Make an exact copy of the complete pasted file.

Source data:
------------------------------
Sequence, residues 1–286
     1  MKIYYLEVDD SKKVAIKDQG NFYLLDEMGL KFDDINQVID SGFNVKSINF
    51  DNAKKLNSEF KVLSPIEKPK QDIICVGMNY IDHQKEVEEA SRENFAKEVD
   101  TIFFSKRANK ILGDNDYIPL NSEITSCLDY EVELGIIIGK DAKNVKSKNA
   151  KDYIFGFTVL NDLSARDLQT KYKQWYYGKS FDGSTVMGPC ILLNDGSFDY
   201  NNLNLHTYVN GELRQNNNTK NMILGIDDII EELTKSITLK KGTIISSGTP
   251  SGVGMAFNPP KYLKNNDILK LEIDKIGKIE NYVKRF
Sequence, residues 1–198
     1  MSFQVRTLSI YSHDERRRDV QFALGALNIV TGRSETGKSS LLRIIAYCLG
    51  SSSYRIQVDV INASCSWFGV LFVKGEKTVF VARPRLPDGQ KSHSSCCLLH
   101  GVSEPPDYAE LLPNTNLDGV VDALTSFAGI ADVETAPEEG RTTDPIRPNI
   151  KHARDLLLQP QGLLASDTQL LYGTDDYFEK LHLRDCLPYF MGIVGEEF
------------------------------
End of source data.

Sequence, residues 1–286
     1  MKIYYLEVDD SKKVAIKDQG NFYLLDEMGL KFDDINQVID SGFNVKSINF
    51  DNAKKLNSEF KVLSPIEKPK QDIICVGMNY IDHQKEVEEA SRENFAKEVD
   101  TIFFSKRANK ILGDNDYIPL NSEITSCLDY EVELGIIIGK DAKNVKSKNA
   151  KDYIFGFTVL NDLSARDLQT KYKQWYYGKS FDGSTVMGPC ILLNDGSFDY
   201  NNLNLHTYVN GELRQNNNTK NMILGIDDII EELTKSITLK KGTIISSGTP
   251  SGVGMAFNPP KYLKNNDILK LEIDKIGKIE NYVKRF
Sequence, residues 1–198
     1  MSFQVRTLSI YSHDERRRDV QFALGALNIV TGRSETGKSS LLRIIAYCLG
    51  SSSYRIQVDV INASCSWFGV LFVKGEKTVF VARPRLPDGQ KSHSSCCLLH
   101  GVSEPPDYAE LLPNTNLDGV VDALTSFAGI ADVETAPEEG RTTDPIRPNI
   151  KHARDLLLQP QGLLASDTQL LYGTDDYFEK LHLRDCLPYF MGIVGEEF